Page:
gms | German Medical Science

62. Jahrestagung der Deutschen Gesellschaft für Neurochirurgie (DGNC)
Joint Meeting mit der Polnischen Gesellschaft für Neurochirurgen (PNCH)

Deutsche Gesellschaft für Neurochirurgie (DGNC) e. V.

07. - 11. Mai 2011, Hamburg

Neurosurgical aspects of a Bronze Age battlefield in Central Europe

Meeting Abstract

  • J. Piek - Abteilung für Neurochirurgie, Chirurgische Universitätsklinik Rostock
  • D. Jantzen - LA für Kultur und Denkmalpflege, Abteilung Archäologie, Schwerin
  • U. Brinker - LA für Kultur und Denkmalpflege, Abteilung Archäologie, Schwerin
  • J. Orschiedt - Historisches Seminar, Universität Leipzig
  • G. Lidke - Lehrstuhl für Ur- und Frühgeschichte, Universität Greifswald
  • K.H. Hauenstein - Institut für diagnostische und interventionelle Radiologie, Universitätsklinik Rostock
  • T. Terberger - Lehrstuhl für Ur- und Frühgeschichte, Universität Greifswald

Deutsche Gesellschaft für Neurochirurgie. Polnische Gesellschaft für Neurochirurgen. 62. Jahrestagung der Deutschen Gesellschaft für Neurochirurgie (DGNC), Joint Meeting mit der Polnischen Gesellschaft für Neurochirurgen (PNCH). Hamburg, 07.-11.05.2011. Düsseldorf: German Medical Science GMS Publishing House; 2011. DocP 103

DOI: 10.3205/11dgnc324, URN: urn:nbn:de:0183-11dgnc3246

Veröffentlicht: 28. April 2011

© 2011 Piek et al.
Dieser Artikel ist ein Open Access-Artikel und steht unter den Creative Commons Lizenzbedingungen (http://creativecommons.org/licenses/by-nc-nd/3.0/deed.de). Er darf vervielfältigt, verbreitet und öffentlich zugänglich gemacht werden, vorausgesetzt dass Autor und Quelle genannt werden.


Gliederung

Text

Objective: From c. 2200 BC on, the material culture of Central Europe is characterized by an increasing number of massive bronze tools (Bronze Age). Settlements of this time show an increasing number of hillforts and fortified settlements indicating an increasing awareness toward danger from interpersonal violence and conflict situations. In contrast, Bronze Age skeletal remains usually do not show a remarkable frequency of injuries or violent deaths.

Methods: In the current study, we present the results from an ongoing archeological excavation project in northeastern Germany where numerous human bones have been found, some of which displayed traces of violence. All finds from this excavation were carefully examined by the senior authors of the study with special attention to the anthropological and neurosurgical aspects. Currently remains from about 100 individuals have been identified, 38 of them represented by skulls. Conspicuous finds were further examined by microscope, thin-slice CT scans with 3D-reconstruction, and 14C AMS dating.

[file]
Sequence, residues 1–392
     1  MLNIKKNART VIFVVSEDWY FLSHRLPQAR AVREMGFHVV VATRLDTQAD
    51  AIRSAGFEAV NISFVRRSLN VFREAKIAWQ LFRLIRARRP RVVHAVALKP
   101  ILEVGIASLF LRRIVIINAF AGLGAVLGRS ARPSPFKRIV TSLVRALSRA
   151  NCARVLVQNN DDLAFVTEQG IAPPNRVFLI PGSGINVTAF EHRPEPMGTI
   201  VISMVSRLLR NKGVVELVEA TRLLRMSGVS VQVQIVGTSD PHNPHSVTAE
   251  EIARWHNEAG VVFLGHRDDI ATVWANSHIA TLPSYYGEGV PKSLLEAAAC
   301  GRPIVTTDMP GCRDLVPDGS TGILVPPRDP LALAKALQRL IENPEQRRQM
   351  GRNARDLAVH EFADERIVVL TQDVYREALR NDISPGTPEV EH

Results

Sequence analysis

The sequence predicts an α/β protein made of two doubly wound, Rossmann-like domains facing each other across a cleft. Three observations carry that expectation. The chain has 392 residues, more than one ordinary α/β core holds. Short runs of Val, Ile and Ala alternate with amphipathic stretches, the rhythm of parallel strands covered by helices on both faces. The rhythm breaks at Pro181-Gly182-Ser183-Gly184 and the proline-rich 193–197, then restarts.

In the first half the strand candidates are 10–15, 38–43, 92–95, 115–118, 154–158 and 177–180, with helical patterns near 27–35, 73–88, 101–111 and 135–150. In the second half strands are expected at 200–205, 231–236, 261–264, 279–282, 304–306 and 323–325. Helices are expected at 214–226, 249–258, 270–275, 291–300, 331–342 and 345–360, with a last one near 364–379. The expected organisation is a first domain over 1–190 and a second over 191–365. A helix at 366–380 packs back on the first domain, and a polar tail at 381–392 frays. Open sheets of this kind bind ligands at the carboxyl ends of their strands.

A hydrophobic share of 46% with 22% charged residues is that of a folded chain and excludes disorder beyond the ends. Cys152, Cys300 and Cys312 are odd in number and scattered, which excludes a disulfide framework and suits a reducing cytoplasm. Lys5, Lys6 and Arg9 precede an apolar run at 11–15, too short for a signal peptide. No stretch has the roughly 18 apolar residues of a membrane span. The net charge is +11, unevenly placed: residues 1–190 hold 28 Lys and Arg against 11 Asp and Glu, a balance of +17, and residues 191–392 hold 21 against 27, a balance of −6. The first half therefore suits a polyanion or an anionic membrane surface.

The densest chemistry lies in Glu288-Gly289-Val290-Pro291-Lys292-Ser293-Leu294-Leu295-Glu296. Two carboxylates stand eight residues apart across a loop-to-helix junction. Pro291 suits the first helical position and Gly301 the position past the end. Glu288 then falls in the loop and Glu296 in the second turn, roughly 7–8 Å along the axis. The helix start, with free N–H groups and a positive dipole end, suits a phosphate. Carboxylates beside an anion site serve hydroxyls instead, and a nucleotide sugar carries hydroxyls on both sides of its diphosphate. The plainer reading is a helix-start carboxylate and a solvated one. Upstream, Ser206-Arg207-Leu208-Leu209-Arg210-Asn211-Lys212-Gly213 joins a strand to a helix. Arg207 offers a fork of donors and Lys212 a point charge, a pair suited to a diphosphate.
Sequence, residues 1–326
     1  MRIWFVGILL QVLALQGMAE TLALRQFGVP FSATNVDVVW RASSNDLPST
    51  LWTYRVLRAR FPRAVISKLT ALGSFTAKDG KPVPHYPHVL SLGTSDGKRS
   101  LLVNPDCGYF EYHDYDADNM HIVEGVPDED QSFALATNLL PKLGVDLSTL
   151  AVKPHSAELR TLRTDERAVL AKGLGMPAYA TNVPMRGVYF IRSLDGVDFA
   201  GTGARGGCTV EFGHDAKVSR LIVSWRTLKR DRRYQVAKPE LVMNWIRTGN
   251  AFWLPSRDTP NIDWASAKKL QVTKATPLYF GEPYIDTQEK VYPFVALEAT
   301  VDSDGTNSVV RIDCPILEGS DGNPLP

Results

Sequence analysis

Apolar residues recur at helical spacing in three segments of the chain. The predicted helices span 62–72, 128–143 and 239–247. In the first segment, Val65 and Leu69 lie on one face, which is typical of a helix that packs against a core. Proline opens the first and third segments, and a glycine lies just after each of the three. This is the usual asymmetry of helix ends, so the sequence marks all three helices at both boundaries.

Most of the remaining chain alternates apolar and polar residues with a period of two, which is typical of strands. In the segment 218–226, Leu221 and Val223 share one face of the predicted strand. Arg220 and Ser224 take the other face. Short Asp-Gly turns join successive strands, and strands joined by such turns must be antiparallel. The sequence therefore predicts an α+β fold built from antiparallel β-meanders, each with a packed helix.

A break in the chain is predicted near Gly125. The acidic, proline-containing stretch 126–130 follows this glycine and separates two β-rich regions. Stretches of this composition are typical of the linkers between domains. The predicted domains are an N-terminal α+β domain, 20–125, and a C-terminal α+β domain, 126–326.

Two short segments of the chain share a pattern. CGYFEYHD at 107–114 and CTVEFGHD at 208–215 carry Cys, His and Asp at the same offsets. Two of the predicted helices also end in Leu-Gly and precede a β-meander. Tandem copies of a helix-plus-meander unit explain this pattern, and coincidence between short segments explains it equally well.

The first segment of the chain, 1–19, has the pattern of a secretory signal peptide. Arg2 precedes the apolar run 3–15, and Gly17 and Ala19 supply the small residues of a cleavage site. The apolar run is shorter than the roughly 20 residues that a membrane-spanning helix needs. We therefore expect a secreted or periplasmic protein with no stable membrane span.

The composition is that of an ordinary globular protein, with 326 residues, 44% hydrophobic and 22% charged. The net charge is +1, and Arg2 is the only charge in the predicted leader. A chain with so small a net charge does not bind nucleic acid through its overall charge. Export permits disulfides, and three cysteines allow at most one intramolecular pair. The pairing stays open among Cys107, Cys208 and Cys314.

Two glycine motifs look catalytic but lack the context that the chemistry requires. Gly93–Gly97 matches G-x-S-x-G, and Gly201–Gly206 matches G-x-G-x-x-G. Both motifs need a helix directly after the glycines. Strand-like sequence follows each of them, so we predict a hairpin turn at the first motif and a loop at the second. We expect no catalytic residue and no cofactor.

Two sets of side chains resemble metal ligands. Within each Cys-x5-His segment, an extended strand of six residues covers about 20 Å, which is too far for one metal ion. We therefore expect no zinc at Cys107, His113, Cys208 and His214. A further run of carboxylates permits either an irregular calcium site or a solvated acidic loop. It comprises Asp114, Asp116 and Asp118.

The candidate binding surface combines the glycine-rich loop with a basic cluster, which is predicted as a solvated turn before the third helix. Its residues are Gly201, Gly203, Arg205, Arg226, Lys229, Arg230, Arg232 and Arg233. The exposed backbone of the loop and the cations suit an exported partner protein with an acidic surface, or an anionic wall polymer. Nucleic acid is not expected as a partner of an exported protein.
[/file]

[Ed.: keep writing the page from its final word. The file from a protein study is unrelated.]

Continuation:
Results: Most of the individuals were young adults between the ages of 20 to 40 years, predominantly male, whereas young women and children were underrepresented. AMS dating of the various finds showed a distribution of c. 1200 calBC. 9% of all individuals and 5 of the 38 skulls showed traces of violence. Depressed skull fractures (3 of 5) and lesions probably caused by arrowheads were the main findings from a neurosurgical point of view. Extracranial lesions included arrowhead lesions of the humerus and the pelvis in another 3 individuals and a femur fracture, probably caused by a fall from a horse. Around 50% of the lesions had been survived for a longer period of time. Corresponding finds of this archeological site included 2 wooden clubs and multiple arrowheads.

Conclusions: The authors interpret the current find situation as the remains of a group of people involved in a conflict or battle that occurred during the Bronze Age in northeastern Germany with head injuries as the leading cause of death in the individuals found with injuries. Further excavations are planned for 2011 to clarify this unique situation.

Acknowledgement: The archeological excavation and the analyses of the finds are supported by the Deutsche Forschungsgemeinschaft (DFG).